This problem is greatly reduced with tubular membranes, as described in the second
point above, and any precipitate layers
formed are easily removed with the CIP, as
highlighted in the third point above.
It is possible to operate the plant at a higher
MLSS than is possible with alternative systems.
It is not necessary to use additional aeration
for cleaning the membranes in situ.

Figure 5. Sidestream MBRs are based on the shell & tube concept.

Membrane fouling
Membrane fouling is a topical issue among
MBR operators. There is no doubt that the
application and performance of membranes is an
empirical science, and that success in this field is
very much dependent on in-house knowledge
gleaned from designing and building a multitude of MBR plants.
The graph in Figure 6 highlights the filterability of three different types of activated sludge in
an agitation cell at constant temperature and
shear rate. One of the factors affecting filterability is the fouling of sludge on the membrane wall.
The absolute figures are not important. What is
critical is the relationship between the three filter-

Figure 6. The filterability of three different types of activated sludge in an agitation cell at constant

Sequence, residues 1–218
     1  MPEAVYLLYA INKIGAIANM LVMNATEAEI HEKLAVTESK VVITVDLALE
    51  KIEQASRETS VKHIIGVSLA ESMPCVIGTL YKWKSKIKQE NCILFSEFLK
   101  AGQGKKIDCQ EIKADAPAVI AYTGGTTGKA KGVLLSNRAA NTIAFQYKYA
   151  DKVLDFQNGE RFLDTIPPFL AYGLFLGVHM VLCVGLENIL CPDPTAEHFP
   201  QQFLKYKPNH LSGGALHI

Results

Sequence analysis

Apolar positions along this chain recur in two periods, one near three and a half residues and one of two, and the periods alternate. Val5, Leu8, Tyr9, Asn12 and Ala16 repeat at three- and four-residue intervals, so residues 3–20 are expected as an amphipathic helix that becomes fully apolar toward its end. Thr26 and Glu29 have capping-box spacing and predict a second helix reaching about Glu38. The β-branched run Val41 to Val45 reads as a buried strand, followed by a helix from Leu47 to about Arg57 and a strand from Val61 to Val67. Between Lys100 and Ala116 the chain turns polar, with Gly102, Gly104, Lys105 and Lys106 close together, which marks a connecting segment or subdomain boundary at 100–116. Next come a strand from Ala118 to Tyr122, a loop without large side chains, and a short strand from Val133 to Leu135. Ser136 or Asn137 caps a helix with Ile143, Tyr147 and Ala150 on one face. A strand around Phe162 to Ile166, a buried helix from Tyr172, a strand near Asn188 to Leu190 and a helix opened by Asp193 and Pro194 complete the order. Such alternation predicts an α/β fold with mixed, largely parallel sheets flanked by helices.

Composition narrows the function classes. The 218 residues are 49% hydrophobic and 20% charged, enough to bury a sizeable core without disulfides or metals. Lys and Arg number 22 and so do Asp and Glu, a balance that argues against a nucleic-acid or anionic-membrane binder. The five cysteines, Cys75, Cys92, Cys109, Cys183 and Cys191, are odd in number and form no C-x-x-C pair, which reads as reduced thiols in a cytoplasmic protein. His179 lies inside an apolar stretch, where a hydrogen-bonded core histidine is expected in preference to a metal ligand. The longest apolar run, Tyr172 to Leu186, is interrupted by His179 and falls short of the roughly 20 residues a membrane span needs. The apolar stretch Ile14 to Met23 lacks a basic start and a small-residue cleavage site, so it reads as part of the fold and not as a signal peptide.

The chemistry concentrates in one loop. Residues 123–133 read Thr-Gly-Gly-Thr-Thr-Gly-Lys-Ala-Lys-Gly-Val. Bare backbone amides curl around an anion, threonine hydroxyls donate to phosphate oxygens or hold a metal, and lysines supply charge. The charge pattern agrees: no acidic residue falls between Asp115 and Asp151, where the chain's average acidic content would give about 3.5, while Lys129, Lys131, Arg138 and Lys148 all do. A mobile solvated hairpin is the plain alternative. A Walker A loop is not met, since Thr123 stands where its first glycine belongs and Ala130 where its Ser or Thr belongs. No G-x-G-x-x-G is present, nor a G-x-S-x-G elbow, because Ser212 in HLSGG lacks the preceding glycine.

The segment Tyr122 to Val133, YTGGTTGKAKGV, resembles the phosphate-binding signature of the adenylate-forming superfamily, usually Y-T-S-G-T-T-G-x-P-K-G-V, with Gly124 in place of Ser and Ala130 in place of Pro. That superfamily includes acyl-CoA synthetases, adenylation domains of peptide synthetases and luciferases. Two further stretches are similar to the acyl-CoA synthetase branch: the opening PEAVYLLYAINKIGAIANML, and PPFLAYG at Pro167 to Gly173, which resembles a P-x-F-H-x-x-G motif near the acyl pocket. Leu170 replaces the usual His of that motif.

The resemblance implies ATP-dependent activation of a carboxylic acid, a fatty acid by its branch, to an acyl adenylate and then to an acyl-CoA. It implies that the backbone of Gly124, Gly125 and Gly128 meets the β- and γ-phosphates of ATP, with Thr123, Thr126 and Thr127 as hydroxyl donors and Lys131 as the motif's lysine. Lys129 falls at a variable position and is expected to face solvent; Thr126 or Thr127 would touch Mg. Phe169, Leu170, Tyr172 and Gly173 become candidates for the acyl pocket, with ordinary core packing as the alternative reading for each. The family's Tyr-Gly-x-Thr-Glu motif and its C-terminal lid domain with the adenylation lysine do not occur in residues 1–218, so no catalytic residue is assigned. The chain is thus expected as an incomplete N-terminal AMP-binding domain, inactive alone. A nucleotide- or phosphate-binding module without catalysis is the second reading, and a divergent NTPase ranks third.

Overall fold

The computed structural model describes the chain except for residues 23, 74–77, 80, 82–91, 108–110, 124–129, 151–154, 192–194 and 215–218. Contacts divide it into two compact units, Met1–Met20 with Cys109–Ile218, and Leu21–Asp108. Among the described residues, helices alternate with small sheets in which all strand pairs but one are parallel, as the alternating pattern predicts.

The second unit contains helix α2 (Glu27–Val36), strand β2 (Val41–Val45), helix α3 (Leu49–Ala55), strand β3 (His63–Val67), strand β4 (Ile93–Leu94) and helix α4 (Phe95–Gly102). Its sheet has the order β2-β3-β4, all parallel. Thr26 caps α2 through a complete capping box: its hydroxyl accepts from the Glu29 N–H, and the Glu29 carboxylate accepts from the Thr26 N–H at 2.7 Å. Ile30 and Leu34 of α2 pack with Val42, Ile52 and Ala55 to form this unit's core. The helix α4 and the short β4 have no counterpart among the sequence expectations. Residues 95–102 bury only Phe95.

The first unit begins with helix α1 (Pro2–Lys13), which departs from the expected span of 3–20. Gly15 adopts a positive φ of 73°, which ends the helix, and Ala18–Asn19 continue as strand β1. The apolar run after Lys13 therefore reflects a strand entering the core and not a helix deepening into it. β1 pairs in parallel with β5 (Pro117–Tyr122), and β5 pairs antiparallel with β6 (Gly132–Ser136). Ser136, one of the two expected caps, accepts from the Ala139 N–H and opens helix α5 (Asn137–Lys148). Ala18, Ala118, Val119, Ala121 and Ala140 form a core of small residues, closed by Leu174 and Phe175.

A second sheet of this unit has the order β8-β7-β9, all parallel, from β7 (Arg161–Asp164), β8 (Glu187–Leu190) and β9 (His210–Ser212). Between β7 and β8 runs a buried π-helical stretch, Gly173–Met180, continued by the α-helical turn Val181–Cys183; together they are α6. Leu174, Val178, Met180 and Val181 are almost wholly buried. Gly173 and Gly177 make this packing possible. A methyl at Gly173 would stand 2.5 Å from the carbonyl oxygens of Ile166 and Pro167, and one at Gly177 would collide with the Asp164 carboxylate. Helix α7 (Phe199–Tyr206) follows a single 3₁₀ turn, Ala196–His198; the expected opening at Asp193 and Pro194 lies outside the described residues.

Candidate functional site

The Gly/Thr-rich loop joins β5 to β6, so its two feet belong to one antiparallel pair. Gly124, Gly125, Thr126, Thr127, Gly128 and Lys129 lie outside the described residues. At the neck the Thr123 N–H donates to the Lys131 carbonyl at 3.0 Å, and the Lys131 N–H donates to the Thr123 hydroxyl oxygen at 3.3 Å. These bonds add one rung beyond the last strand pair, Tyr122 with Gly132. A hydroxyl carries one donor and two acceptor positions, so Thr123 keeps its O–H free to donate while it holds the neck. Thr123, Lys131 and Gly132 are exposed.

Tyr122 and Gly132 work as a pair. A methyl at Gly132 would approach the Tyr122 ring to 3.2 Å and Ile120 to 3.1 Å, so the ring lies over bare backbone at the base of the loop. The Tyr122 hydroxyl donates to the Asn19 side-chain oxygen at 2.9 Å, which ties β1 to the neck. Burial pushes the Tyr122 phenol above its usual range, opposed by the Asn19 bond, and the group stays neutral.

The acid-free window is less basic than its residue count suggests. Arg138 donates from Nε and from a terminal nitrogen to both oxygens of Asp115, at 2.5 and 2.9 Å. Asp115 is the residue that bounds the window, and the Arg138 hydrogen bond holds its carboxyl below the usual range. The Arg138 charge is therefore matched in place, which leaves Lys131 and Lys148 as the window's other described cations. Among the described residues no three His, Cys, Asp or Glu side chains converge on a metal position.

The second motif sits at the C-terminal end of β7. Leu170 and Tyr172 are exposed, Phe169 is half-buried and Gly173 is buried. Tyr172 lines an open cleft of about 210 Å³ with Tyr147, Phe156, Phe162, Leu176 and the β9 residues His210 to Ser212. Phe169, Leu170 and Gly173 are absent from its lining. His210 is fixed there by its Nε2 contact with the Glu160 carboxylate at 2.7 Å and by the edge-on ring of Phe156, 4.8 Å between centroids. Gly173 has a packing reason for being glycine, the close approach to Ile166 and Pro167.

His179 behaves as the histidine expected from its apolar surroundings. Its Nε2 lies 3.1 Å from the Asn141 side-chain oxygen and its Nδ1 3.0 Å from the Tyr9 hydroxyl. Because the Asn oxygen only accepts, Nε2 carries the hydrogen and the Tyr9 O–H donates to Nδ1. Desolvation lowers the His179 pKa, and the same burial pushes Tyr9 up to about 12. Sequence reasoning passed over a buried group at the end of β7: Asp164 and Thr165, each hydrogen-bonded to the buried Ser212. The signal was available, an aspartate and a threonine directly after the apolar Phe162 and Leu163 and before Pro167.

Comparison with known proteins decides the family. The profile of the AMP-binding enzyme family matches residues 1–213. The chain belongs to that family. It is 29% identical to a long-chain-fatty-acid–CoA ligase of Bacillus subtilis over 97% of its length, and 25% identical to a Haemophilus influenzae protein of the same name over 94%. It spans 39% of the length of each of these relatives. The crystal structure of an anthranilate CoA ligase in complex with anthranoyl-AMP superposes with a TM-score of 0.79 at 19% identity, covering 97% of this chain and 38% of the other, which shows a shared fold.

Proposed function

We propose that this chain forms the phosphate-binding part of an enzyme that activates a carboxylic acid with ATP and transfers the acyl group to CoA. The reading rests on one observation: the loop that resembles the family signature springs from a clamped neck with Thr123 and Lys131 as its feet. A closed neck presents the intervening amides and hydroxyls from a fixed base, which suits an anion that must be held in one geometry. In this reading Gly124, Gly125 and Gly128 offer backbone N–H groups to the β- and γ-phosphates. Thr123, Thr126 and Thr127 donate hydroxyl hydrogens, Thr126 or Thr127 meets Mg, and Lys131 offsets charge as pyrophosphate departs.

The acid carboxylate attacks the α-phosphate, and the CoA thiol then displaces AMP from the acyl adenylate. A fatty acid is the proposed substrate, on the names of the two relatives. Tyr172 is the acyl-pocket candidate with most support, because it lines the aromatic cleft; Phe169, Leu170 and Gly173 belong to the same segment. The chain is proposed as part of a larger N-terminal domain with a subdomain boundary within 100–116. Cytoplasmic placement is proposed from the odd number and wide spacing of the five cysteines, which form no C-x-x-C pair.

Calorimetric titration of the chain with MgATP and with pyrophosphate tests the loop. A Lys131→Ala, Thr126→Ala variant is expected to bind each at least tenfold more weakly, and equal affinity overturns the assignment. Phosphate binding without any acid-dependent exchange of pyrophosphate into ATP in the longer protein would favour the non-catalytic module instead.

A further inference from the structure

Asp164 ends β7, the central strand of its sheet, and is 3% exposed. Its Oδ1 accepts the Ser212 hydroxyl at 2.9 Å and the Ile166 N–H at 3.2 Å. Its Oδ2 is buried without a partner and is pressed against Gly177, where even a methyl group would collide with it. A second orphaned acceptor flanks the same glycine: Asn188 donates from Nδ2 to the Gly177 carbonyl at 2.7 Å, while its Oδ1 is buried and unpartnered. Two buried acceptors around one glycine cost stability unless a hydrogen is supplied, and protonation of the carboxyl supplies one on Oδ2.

temperature and shear rate.

Membrane Technology June 2005

ability lines. What is clear is that domestic sewage

sludge is easier to filter than industrial sludge.
Landfill leachate MBR sludge is clearly the most
difficult to filter.
Domestic or municipal sludge has a relatively
low fouling factor, and hence it is suitable to
be treated by submerged MBR systems.
Unfortunately, the same does not apply to MBR
systems treating industrial effluent or landfill
leachate. Figure 6 highlights the fact that membrane flux rates for leachate treatment plants will
always tend to be lower.
The effects of proteins, carbohydrates and fats
on the performance of the membranes is reasonably well documented. However, leachate will vary
from one landfill site to another. The co-disposal
of waste until the implementation of the Landfill
Regulations means that each site has its own
mix of chemical compounds, which depends on
the type of waste being deposited since the set-up
of the individual cells. Therefore, on-site trials are
recommended before initiating an MBR design.
The biological health of the process also plays a
major role in establishing membrane performance.
MBR is often referred to as a modification, or
advancement of the activated sludge (AS) process.
Theoretically this might be true, except for one
point the AS process is based on creating flocs,
which imposes limitations on the operating conditions, whereas the MBR system creates the complete opposite. It does not need to create a
settleable sludge, and this removes some of the
restrictions on the operating conditions that are
required for the AS process. But some factors for
example, organic load and low do can adversely affect membrane performance.